While there was no express condition in the grant of planning permission that there be pedestrian access provided through the doors, reading the planning documentation as a whole, led to the inescapable conclusion that there was commitment that linkages between the two developments would be via the doors of the anchor unit. In essence, the use of the doors as a means of pedestrian access and egress, thereby facilitating pedestrian linkage and circulation, was integral to the grant of planning permission. The disabling of the automatic opening mechanism of the doors resulted in the closing of the doors and meant that they were no longer an entrance, as clearly depicted on the plans which were required by the planning permission. It followed that this constituted a material breach of the planning permission for the development regardless of the fact that it arose after the construction had been completed.
Dunnes argued that by virtue of the provisions of lease agreement it was not obliged to keep open the Doors. The covenant expressly provided that "nothing in this lease or otherwise shall oblige [Dunnes] to keep the Demised Premises or any part thereof open for trade or business".
Costello J held that the planning permission cannot be construed by reference to any rights which Dunnes may have under its lease. The planning permission was granted before ever the lease was entered into. The lease was created subsequent to the issue of the grant of planning permission and it could never alter the terms of the planning permission. Simply put, the lease could not authorise Dunnes to indefinitely close the doors as that would amount to a frustration of the conditions of the planning permission.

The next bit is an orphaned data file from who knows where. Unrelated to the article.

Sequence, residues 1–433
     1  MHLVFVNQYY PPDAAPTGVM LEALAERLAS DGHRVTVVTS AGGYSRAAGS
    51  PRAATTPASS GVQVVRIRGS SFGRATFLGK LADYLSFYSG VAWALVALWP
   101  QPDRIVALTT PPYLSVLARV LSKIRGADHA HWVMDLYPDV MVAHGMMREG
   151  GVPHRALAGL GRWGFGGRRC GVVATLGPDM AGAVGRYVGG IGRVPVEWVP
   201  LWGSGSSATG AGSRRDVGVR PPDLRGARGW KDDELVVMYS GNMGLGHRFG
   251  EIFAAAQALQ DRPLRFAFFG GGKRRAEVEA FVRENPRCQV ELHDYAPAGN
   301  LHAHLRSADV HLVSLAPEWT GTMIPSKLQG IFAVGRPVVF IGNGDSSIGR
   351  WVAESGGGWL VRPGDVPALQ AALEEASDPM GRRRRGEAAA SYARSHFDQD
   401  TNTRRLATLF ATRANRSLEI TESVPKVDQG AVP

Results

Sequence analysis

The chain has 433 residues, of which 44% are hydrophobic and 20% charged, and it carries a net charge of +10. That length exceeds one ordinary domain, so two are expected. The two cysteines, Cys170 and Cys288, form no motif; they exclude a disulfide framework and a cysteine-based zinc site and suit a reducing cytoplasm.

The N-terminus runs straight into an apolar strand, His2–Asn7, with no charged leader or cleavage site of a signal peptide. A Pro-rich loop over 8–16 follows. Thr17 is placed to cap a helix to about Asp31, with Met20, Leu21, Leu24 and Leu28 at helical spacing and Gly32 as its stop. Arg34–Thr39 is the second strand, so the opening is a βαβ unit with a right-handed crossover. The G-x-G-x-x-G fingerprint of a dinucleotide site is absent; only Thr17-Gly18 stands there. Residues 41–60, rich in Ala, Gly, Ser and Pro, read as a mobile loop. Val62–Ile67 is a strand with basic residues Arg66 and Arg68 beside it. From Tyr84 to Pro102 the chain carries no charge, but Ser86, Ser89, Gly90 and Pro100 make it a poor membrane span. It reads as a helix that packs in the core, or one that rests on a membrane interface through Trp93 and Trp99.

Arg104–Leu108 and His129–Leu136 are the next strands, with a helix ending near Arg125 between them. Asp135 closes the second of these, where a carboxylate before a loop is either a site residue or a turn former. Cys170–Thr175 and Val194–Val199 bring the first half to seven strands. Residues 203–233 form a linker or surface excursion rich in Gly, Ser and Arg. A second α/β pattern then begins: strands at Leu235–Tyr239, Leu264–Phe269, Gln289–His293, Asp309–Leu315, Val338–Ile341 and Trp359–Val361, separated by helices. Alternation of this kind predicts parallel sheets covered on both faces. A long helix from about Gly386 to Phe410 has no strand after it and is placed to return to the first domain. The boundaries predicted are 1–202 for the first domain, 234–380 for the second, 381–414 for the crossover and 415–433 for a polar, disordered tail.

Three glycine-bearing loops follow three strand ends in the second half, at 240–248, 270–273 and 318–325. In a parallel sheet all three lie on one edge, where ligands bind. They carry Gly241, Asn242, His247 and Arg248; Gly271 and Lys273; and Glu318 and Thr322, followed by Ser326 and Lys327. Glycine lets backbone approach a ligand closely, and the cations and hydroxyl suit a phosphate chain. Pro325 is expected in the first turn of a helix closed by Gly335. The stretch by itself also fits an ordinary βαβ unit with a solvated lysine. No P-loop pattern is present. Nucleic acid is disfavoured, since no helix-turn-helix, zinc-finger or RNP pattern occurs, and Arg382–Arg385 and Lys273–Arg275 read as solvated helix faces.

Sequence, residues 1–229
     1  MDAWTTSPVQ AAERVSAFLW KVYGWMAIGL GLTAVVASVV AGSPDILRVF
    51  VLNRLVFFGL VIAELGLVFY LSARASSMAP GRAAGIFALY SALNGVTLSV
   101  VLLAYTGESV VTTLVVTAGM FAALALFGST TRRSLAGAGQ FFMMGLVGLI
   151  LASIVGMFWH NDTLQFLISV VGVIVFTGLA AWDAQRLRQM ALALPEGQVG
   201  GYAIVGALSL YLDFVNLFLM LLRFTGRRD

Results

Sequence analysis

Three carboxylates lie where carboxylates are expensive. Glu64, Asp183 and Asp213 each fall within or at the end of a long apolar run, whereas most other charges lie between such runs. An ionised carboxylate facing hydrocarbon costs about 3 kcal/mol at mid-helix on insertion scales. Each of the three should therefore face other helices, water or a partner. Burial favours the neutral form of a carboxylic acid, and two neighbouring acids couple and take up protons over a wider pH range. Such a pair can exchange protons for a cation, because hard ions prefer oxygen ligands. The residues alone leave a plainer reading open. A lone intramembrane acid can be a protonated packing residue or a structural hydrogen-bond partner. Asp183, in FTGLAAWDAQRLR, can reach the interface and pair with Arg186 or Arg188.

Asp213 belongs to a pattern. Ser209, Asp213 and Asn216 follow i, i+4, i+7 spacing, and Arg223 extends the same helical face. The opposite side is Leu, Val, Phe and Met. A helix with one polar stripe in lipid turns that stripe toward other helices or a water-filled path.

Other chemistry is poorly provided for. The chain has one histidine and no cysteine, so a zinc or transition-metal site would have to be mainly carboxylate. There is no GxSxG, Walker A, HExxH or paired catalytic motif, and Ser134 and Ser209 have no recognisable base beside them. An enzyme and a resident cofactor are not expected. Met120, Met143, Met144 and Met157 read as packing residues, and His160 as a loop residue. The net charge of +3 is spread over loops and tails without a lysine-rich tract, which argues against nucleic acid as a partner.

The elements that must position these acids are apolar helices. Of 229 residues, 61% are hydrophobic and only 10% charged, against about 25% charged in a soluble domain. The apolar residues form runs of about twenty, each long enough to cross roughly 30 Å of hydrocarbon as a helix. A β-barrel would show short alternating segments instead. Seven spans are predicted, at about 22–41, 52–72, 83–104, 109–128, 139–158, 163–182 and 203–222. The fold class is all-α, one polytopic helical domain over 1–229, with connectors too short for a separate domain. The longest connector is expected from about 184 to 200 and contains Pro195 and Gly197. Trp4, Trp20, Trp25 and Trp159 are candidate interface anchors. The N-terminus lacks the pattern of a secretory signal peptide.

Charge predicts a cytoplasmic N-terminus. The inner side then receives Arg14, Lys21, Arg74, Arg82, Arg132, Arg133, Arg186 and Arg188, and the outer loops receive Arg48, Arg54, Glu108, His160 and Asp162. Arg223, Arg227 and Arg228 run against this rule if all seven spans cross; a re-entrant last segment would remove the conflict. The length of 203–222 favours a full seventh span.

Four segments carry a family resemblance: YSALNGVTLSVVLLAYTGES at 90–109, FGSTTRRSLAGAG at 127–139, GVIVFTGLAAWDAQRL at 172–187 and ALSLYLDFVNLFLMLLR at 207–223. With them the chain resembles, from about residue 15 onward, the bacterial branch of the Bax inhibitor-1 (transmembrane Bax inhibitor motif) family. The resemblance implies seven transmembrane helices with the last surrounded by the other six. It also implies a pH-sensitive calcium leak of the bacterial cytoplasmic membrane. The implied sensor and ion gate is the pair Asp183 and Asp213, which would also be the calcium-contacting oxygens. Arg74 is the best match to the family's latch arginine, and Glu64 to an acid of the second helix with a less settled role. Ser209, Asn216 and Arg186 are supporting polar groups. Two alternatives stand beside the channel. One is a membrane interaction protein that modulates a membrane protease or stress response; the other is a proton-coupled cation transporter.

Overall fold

The Court of Appeal also upheld a number of findings in the High Court that Dunnes failed to comply with their obligations under the lease. They failed to observe lawful requirements and reasonable recommendations of the appropriate local authority in relation to fire and safety precautions affecting the unit. The indefinite closure of the doors and their conversion into emergency doors constituted an alteration of a non-structural nature for which the prior written consent of the respondent was required to be sought. The closing and refusing to reopen the doors while the unit was open for trade also breached the terms of the lease.
The trial judge awarded the respondent €53,860.50 in compensatory damages as a result of a breakdown of commercial relationships with other tenants of the centre and a loss of use of associated rent roll and awarded general damages in the sum of €10,000. In addition, he awarded aggravated damages in the sum of €45,000 to the respondent. Dunnes appealed in respect of each of these awards.
The Court of Appeal held that there was insufficient evidence adduced to ground the award of compensatory damages and the trial judge was in error in holding that the actions of Dunnes caused the losses pleaded by the respondent. On a related note, the ratio of the court meant that Dunnes had been incorrectly found to have engaged in the tort of Causing Loss by Unlawful Means. In relation to the aggravated damages of €45,000, Costello J held that there was ample evidence to support the award and agreed that the rights of the respondent were deliberately flouted by Dunnes without regard to its obligations under the lease or indeed to other occupants of the Edward Square shopping centre.
In summary, the awards of compensatory damages of €53,860.50 and €10,000 were set aside while the award of aggravated damages of €45,000 was affirmed.
*The successful respondent to the Appeal, Camiveo Ltd. was represented by A&L Goodbody.
For more information on this topic contact Ciaran Joyce or any member of A&L Goodbody's Litigation & Dispute Resolution team.
Date published: 20 May 2019